Airlines to earn 2.7% net profit margin on record revenue in 2024

The International Air Transport Association (IATA) has announced strengthened profitability projections for airlines in 2023, which will then largely stabilize in 2024.

However, global net profitability is expected to be well below the cost of capital in both years. Very significant regional variations in financial performance persist.

According IATA, the airline industry’s net profits are expected to reach $25.7 billion in 2024 (net profit margin of 2.7%). This is a slight improvement over 2023, which is expected to show a net profit of $23.3 billion (a net profit margin of 2.6%).
In both 2023 and 2024, the return on invested capital will be 4 percentage points behind the cost of capital, as interest rates around the world have risen in response to strong inflationary momentum. Airline industry operating profits are expected to reach $49.3 billion in 2024 from $40.7 billion in 2023. Total revenue in 2024 is expected to grow 7.6% year-over-year to a record $964 billion of dollars. Spending growth is expected to be slightly lower at 6.9%, for a total of $914 billion.

Some 4.7 billion people are expected to travel in 2024, an all-time high that exceeds the pre-pandemic level of 4.5 billion recorded in 2019. Cargo volumes are expected to be 58 and 61 million tons in 2023 and 2024, respectively.

“Taking into account significant losses in recent years, the net profit of $25.7 billion expected in 2024 is a tribute to aviation’s resilience. People love to travel and that has helped airlines return strongly to pre-pandemic levels of connectivity. The speed of recovery has been extraordinary; However, it also appears that the pandemic has cost aviation about four years of growth. From 2024 onwards, the outlook indicates that we can expect more normal growth patterns for both passengers and cargo.”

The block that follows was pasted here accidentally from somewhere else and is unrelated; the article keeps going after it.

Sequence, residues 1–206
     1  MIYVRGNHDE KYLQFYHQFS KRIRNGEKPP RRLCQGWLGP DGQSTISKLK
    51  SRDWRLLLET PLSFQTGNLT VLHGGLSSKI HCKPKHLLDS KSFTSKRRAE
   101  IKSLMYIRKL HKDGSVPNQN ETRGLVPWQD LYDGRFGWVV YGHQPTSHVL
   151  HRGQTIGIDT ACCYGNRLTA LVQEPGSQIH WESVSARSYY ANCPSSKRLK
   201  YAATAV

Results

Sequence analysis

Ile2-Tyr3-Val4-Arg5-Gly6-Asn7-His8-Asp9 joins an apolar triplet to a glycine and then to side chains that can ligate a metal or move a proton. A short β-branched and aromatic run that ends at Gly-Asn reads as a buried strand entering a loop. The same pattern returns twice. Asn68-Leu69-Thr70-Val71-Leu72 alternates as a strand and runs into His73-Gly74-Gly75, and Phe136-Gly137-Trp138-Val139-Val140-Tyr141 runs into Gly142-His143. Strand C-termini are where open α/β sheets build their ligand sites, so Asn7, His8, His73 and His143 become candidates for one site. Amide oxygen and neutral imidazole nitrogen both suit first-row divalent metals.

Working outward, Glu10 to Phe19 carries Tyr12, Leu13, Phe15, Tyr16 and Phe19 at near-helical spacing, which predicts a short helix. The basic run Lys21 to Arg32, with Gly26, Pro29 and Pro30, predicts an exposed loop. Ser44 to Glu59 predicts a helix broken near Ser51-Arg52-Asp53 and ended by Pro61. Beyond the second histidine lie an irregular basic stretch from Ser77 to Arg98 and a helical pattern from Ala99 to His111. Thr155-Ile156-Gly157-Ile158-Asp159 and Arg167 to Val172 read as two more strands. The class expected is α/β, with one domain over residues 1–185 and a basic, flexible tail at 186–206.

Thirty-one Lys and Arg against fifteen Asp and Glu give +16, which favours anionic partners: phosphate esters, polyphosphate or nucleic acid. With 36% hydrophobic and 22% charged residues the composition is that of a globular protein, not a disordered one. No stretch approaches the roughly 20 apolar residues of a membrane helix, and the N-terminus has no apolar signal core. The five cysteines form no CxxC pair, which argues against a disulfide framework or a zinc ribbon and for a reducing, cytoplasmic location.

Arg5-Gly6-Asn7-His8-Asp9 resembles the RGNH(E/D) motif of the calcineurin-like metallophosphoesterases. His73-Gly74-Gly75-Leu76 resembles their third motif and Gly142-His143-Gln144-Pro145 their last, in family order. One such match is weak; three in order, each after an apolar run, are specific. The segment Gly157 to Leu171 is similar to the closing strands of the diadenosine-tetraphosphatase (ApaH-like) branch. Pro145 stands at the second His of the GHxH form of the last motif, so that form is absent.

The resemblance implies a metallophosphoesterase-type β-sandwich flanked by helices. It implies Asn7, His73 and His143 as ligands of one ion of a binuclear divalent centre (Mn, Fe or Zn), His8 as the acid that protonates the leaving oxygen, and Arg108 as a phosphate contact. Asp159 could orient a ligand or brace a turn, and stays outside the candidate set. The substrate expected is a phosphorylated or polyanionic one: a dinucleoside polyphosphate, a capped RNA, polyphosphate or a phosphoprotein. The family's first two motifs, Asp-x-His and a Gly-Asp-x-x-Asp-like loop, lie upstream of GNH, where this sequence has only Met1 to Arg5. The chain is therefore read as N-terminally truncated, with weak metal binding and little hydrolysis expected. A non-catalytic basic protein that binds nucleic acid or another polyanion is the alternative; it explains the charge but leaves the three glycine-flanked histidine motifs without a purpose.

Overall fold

saying Willie Walsh, Director General of IATA.

“Industry profits need to be put into proper perspective. While the recovery is impressive, a net profit margin of 2.7% is well below what investors in almost any other industry would accept. Of course, many airlines are doing better than that average, and many are struggling. But there is something to be learned from the fact that, on average, airlines will retain only $5.45 for each passenger carried. That’s enough to buy a basic ‘grande latte’ at a Starbucks in London. But it is too little to build a future that is resilient to crises for a critical global industry on which 3.5% of GDP depends and on which 3.05 million people directly earn their living. “Airlines will always compete fiercely for their customers, but they remain overly burdened by onerous regulations, fragmentation, high infrastructure costs and a supply chain populated by oligopolies.”

saying Walsh.

In 2024, overall revenue is expected to grow faster than expenses (7.6% vs. 6.9%), strengthening profitability. While operating profits are expected to increase 21.1% (from $40.7 billion in 2023 to $49.3 billion in 2024), net profit margins increased at less than half the pace (10%), in largely due to the increase in interest rates expected in 2024.


Industry revenue is expected to reach an all-time high of $964 billion in 2024. An inventory of 40.1 million flights is expected to be available in 2024, surpassing 2019’s level of 38.9 million and above the 36.8 million flights expected in 2023.

Passenger revenue is expected to reach $717 billion in 2024, up 12% from $642 billion in 2023. Revenue passenger kilometers (RPK) growth is expected to be 9%. 8% year-on-year. While this is more than double the pre-pandemic growth trend, 2024 is expected to mark the end of the dramatic year-on-year increases that have been characteristic of the recovery in 2021-2023.

High travel demand, coupled with limited capacity due to persistent supply chain issues, continues to create supply and demand conditions that support yield growth. Passenger throughput in 2024 is expected to improve by 1.8% compared to 2023.

Reflecting tight supply and demand conditions, efficiency levels are high and load factor is expected to be 82.6% in 2024, slightly better than 2023 (82%) and the same as 2019.

News source: Emirates News Agency

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